Four themes are addressed: the conceptualization of ethical leadership theories, the existence of popular measurement instruments for ethical leadership, findings on ethical leadership in the public sector and outcomes of ethical leadership in terms of benefits and negative consequences.

Findings

The definition by Brown et al. (2005) is the most frequently used definition, even though recent criticism states that this definition may be too narrow. Ethical leadership is usually measured by means of a survey; however, there are at least three different questionnaires in use. In the public sector, ethical leadership has been linked to both positive outcomes and negative consequences.

Research limitations/implications

This paper only includes selected academic articles and does not include published books.

Originality/value

Based on our findings, the authors present recommendations for future research, among others into a broader conceptualization of ethical leadership and the use of mixed methods.

Details

International Journal of Public Leadership, vol. 16 no. 1
Type: Research Article
ISSN: 2056-4929

Keywords

Content available
Article
Publication date: 24 December 2021

Iram Khalid, Tooba Ahmad and Sami Ullah

Human-induced changes in climate have affected the environment to the extent that any more economic development at the cost of the environment will be too costly. Thus…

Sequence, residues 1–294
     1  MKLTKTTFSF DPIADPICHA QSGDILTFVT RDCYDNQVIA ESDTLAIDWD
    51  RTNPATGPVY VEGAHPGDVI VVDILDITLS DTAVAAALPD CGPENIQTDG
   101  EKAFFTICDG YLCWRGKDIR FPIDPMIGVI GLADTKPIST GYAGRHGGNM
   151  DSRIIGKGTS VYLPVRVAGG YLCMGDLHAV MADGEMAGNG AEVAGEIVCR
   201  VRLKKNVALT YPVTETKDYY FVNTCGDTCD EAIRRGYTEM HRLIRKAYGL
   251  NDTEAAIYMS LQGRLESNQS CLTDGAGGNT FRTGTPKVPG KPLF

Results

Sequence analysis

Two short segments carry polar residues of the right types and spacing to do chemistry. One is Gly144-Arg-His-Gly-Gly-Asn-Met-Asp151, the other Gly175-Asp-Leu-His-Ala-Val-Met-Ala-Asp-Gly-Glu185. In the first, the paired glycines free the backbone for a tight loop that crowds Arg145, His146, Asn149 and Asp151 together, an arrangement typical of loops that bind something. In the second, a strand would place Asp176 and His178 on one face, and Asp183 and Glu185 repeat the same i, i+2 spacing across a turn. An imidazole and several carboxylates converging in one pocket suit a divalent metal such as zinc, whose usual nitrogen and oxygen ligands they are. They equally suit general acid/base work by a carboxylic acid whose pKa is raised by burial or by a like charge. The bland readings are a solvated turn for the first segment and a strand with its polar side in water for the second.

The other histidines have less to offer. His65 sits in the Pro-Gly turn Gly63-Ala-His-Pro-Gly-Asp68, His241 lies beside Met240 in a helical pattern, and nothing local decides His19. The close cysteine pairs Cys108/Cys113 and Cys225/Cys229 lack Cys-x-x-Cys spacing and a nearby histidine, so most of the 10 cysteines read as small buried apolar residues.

2194

Abstract

Purpose

Human-induced changes in climate have affected the environment to the extent that any more economic development at the cost of the environment will be too costly. Thus, sustainable development options posing no additional harm to the environment are the only viable option. This study aims to examine the likely environmental impacts of infrastructural developments through the China–Pakistan Economic Corridor (CPEC).

Design/methodology/approach

There is a scarcity of academic debate and discussion on the environmental impact of CPEC developments in laws and policies on the environment. The qualitative approach is followed in this study and official documents and reports are used to investigate the environmental challenges posed by CPEC.

Findings

The findings show three possible environmental concerns which could increase the climate change vulnerability of Pakistan. The coal-fired power plants are the most prominent threat based on their CO2 contributions and smog. Second, cutting more than 54,000 trees for roads infrastructure will increase CO2 concentration along the CPEC route. Third, increasing vehicle trafficking by up to 7,000 trucks per day on Karakorum Highway alone will release 36.5 million tons of additional CO2.

Originality/value